While morning sickness is generally not considered dangerous to either mother or baby, it can make a woman extremely uncomfortable. In severe cases, it may prevent her from eating, sometimes to the point where she does not gain the proper amount of weight during her pregnancy.

For a small percentage of women, morning sickness can become so severe that it progresses to the second trimester, and sometimes can last through the entire pregnancy.

"When this occurs, concerns arise about whether the baby is getting the nutrients needed to develop and grow. Some women can't even hold down a prenatal vitamin," Rebarber says.

However, he adds that wearing the wristband early in pregnancy, as soon as morning sickness begins, may help control problems at the earliest stage. And that, he says, may help keep morning sickness from becoming severe.

The three-week clinical trial took place at five hospitals around the nation. Two hundred and thirty women, all between six and 12 weeks pregnant, participated. They reported mild to moderate nausea and vomiting, often with difficulty eating. The intensity and frequency of their symptoms were recorded on the Rhodes Index, a scientific system of documenting these kinds of symptoms.

Each woman was then randomly assigned to wear either a wristband equipped with a battery-operated nerve stimulation device or a sham unit that looked identical.

During the following three weeks, the women were asked to wear the wristband continually and to keep a record of their morning sickness symptoms. In the end, 187 women finished the trial, with equal dropout rates from both groups. Only one woman withdrew due to a problem with the wristband itself, which involved an irritation where the band touched her skin.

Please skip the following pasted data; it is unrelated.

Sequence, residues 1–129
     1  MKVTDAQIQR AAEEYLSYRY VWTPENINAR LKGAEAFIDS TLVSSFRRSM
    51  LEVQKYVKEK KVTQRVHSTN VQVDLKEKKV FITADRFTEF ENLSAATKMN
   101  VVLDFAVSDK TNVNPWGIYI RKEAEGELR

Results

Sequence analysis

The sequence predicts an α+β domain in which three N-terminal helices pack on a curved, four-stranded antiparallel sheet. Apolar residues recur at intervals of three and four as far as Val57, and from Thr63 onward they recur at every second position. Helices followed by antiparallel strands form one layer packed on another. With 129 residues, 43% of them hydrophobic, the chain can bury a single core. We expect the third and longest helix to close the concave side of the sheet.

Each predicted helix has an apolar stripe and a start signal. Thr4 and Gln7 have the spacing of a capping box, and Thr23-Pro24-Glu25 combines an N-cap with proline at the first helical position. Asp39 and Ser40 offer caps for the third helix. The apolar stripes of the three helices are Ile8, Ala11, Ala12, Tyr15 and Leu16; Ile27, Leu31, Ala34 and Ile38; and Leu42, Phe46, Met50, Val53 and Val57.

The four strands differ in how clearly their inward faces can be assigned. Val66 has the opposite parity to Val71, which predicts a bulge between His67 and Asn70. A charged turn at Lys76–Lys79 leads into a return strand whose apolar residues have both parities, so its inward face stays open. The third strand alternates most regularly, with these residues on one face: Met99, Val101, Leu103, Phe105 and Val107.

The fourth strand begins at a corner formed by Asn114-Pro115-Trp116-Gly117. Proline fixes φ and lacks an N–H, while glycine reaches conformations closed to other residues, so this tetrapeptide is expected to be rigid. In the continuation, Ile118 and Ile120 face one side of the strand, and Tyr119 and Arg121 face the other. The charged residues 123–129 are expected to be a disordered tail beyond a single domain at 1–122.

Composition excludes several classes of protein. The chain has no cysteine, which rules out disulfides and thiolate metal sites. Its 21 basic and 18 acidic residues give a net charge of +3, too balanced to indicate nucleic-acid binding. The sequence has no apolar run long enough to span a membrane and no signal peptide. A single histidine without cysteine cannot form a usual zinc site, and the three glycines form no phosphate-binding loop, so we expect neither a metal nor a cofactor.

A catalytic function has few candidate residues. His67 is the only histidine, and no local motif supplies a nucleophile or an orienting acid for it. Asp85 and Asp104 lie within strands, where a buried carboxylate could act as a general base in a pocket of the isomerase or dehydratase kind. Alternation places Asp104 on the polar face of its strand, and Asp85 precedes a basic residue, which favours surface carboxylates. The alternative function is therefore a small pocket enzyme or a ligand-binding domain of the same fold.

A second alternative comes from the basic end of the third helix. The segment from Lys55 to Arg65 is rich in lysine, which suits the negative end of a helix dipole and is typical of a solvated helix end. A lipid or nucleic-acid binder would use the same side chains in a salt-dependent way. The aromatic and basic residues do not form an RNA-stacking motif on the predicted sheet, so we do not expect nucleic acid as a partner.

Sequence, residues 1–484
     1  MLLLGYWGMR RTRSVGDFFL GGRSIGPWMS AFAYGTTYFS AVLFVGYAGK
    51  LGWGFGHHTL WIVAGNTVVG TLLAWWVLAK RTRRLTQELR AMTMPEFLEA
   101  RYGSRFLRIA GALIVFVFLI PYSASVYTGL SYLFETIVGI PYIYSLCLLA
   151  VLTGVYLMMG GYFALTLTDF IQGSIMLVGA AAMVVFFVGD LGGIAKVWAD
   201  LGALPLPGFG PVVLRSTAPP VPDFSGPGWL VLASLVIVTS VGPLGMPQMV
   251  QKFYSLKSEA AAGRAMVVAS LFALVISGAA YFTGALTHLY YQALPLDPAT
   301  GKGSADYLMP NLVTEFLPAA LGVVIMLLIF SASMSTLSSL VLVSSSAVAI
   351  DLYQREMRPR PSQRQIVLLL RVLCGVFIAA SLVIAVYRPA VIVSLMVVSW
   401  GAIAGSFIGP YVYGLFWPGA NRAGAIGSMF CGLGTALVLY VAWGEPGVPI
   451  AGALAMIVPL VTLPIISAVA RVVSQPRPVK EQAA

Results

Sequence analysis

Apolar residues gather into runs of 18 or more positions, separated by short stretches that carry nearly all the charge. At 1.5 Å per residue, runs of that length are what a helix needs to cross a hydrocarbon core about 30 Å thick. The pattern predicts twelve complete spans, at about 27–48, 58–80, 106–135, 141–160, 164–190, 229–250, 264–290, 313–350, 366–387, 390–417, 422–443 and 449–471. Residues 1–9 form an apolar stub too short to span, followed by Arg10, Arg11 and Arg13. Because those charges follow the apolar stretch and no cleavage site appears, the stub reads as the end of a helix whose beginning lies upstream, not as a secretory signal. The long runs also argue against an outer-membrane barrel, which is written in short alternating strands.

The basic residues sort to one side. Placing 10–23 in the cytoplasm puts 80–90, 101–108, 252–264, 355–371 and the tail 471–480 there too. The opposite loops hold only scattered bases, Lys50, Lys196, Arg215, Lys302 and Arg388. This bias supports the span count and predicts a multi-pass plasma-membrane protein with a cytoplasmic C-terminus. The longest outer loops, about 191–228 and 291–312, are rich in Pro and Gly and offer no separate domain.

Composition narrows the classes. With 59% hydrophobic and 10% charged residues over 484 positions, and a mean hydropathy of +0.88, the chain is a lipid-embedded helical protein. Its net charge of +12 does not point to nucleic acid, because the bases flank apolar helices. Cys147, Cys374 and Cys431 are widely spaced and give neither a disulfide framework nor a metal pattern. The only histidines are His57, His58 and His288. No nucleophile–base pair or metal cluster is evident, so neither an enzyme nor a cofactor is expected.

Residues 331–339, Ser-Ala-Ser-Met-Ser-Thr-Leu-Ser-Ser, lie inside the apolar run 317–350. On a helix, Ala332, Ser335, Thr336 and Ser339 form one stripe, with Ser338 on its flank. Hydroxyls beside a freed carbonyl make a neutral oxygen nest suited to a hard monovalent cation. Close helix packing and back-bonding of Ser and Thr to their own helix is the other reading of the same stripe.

The women who used the wristband had far less nausea and vomiting, and their morning sickness appeared to stop sooner than those using the fake wristband. In addition, the women wearing the nerve stimulation band gained nearly three times the weight as the women wearing the sham band -- 2.9 pounds as compared to 1.2 pounds. In addition, none of the women or their babies suffered any complications as a result of the treatment.

"We were pleased to see that the wristband worked and that it was safe, and it is definitely an option a pregnant woman should consider as soon as morning sickness begins," Rebarber says.

The wristbands are currently sold in most drugstores under the product name "Relief Band." They cost between $60 and $100. Other bands that offer wrist point acupressure, without the nerve stimulation, are also available.

More information

Learn about the use of acupuncture to control nausea and other ailments at the American Academy of Medical Acupuncture. To learn more about morning sickness, check out the American College of Obstetricians and Gynecologists.

SOURCES: Andrei Rebarber, M.D., assistant professor, obstetrics and gynecology, New York University School of Medicine, New York City; Shari Brasner, M.D., assistant clinical professor, obstetrics and gynecology, Mount Sinai Medical Center, New York City; July 2003 Obstetrics and Gynecology

Last Updated: